The Ruin of Britain
Very few texts survive that were written in Britain between the 5th and 7th centuries. We have works by just two named authors from that period. One was a shepherd, who was kidnapped and sold into slavery and became the patron saint of Ireland, none other than St Patrick. The other wrote one of the most influential rants in British history.
A page from the earliest substantial copy of Gildas's The Ruin of Britain, made possibly in Canterbury in the 10th century: Cotton MS Vitellius A VI, f. 14v
The ranter in question was Gildas, a Romano-British deacon and monk. Sometime between the late 5th century and the 6th century, he wrote The Ruin of Britain, which describes a time of dramatic change, when the Roman legions had left Britain and the Romano-British population was under attack from invaders:
‘I shall try, God willing, to say a little about the situation of Britain; about her obstinacy, subjection, and rebellion ... the destruction of cities; about those who survived’: Gildas: The Ruin of Britain and other works, ed. and trans. by Michael Winterbottom (London: Phillimore, 1978), p. 16.
As this quotation suggests, The Ruin of Britain is a moralising polemic that condemned the British lay and ecclesiastical leaders. The text is full of examples and quotations from the Bible. Although Gildas's account is vivid, he was not an eyewitness: most of the events he described occurred before he was born.
A fragment of The Ruin of Britain survives in a late 9th- or early 10th-century continental copy (now in Bibliothèque Carnegie de Reims, MS 414). The oldest substantial copy was made in southern England in the mid-10th century (British Library Cotton MS Vitellius A VI). Sadly, this manuscript was significantly damaged by fire in 1731.
The pages of this manuscript of The Ruin of Britain were damaged by fire in 1731, before being placed in paper mounts in the 19th century: Cotton MS Vitellius A VI, f. 7v
In The Ruin of Britain, Gildas depicted the defeats and natural disasters suffered by the Britons as divine punishment for their sins. He claimed that Romano-British leaders had invited three ship-loads of Saxons to protect them from Pictish invaders, but these Saxons had turned on their hosts and become an even worse enemy. Gildas described vividly how whole settlements were put to the sword, ‘fragments of bodies covered with coagulated clots of red blood, in confusion as if in some kind of horrible wine press’ (translated by Hugh Williams, Gildas (London, 1899)). Some Britons surrendered to the invaders, others fled into the mountains or deep into forests, others still migrated to the continent. Some resisted, such as Ambrosius Aurelianus, who reputedly defeated the invaders at Mons Badonicus in the year that Gildas was born.
While Gildas praised leaders like Ambrosius, he did not mince his words about the Romano-British kings and churchmen of his own day: ‘Britain has kings, but they are tyrants: she has judges, but they are unrighteous men’. Gildas singled out five kings in particular for condemnation: Constantine, king of Dumnonia (the area around modern Cornwall and Devon); Aurelius Caninus; grey-haired Vortipor of the Demetae (in what is now Pembrokeshire); Cuneglas, who probably ruled the area around the Dinarth Rhos peninsula; and Maelgwn of Gwynedd. Gildas accused all these men of murder and adultery. He saved his fiercest criticism for the most powerful British king, Maelgwn:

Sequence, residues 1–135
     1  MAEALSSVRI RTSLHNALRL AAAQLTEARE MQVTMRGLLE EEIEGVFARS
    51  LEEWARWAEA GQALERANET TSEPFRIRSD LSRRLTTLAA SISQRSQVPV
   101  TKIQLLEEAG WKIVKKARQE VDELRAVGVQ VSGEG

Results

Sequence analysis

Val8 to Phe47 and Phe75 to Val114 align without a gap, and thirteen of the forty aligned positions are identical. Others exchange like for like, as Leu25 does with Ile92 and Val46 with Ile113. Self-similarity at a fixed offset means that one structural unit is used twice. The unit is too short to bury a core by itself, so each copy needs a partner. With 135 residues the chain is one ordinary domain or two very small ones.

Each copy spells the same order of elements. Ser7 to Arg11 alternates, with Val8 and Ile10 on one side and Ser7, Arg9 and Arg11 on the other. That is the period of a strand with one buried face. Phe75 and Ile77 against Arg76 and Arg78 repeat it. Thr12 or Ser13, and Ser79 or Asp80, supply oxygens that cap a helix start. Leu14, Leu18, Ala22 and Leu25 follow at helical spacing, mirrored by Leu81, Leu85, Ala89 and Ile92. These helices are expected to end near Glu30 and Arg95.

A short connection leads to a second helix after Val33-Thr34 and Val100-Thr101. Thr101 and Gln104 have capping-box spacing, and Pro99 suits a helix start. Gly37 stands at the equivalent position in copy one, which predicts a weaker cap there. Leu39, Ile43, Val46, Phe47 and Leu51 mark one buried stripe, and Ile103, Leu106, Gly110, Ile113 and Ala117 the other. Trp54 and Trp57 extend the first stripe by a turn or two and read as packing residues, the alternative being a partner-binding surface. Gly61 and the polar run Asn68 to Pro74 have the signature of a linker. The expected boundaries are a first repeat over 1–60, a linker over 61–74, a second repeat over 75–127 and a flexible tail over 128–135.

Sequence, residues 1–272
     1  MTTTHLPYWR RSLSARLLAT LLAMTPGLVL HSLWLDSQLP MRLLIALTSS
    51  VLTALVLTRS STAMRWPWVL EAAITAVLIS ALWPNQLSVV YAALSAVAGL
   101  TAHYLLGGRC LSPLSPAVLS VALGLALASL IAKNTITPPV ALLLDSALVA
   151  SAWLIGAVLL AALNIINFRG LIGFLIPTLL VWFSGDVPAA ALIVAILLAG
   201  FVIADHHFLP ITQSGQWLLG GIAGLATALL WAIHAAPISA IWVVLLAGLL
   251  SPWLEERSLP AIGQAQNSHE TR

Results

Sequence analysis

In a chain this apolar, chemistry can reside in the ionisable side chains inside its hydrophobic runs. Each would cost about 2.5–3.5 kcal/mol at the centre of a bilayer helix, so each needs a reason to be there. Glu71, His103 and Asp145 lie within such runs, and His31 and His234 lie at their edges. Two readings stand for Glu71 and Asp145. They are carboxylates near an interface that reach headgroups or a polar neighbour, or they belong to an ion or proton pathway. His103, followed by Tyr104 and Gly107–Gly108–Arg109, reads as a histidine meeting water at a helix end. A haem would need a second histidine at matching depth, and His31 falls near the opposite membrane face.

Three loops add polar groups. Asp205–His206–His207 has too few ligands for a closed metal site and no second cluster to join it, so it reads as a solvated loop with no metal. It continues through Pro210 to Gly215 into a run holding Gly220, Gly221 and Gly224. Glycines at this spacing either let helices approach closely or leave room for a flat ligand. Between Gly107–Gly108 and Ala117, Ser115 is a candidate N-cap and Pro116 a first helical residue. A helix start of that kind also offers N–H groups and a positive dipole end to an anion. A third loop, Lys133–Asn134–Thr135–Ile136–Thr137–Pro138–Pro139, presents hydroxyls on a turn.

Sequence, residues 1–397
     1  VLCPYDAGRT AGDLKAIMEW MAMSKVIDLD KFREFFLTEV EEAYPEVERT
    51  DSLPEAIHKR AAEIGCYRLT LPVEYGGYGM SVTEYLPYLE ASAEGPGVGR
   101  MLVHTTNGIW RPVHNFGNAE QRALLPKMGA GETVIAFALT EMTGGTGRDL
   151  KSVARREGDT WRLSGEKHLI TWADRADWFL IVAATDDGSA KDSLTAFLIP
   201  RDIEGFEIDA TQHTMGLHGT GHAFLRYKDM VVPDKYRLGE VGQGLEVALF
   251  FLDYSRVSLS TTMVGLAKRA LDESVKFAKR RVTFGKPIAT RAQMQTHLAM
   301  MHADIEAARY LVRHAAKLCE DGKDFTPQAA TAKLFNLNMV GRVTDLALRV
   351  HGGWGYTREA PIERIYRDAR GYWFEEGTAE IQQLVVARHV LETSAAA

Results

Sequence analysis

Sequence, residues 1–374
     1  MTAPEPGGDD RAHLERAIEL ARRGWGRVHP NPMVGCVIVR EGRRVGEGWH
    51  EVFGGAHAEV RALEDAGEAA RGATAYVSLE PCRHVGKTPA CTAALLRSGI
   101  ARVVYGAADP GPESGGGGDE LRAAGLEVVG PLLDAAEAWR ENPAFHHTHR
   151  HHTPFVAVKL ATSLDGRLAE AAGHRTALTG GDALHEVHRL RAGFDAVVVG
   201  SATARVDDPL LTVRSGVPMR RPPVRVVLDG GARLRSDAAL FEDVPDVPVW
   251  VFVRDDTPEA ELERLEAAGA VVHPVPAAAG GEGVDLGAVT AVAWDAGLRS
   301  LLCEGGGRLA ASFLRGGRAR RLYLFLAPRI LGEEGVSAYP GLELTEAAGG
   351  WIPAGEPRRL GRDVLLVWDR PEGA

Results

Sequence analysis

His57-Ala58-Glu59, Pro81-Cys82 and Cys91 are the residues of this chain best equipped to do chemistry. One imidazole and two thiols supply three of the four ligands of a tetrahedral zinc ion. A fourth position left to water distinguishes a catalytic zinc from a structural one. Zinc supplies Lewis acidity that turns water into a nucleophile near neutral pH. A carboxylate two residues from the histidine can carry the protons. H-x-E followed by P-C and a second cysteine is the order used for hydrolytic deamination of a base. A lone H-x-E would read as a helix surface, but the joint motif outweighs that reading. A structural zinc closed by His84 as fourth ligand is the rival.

‘And you, island dragon … greater than almost all the kings of Britain, but worse in morality ... You are certainly not lacking in warnings, since you were taught by the finest teacher in almost all of Britain.’
It is unclear what happened to Gildas after he wrote The Ruin of Britain. Some have suggested that he migrated to Brittany, like many other Britons, since there was a Breton monastery dedicated to St Gildas. But there is no firm evidence for this. Gildas was remembered as a saint by the Anglo-Saxons, and his name is found in eight pre-Conquest calendars of saints' days.
Ironically, Gildas’s writings survive to this day in part because the Anglo-Saxons that he so despised continued to quote him. For example, Bede (d. 735) used The Ruin of Britain as one of his sources for the history of post-Roman Britain.
The most substantial surviving manuscript of The Ruin of Britain was copied in England in the 10th century: Cotton MS Vitellius A VI, f. 15r
Three centuries years later, Archbishop Wulfstan of York (d. 1023) used Gildas as cautionary tale, to try to galvanise English resistance to the Scandinavian invasions:
‘There was a historian in the time of the Britons, Gildas, who wrote about their misdeeds, how they exasperated God with their sins so much that He finally allowed the English army to conquer their land … Let us take warning from this: it is true what I say, we know of worse deeds among the English than we have heard of among the Britons.’
The Ruin of Britain had long-lasting effects, even they were not what Gildas intended. He may not have swayed the leaders of his own day, and it is clear that the Germanic invaders became dominant in southern Britannia. The Ruin of Britain nonetheless had a major impact on some later writers. It remains the principal (near) contemporary narrative account of the momentous events of the 5th and 6th centuries.
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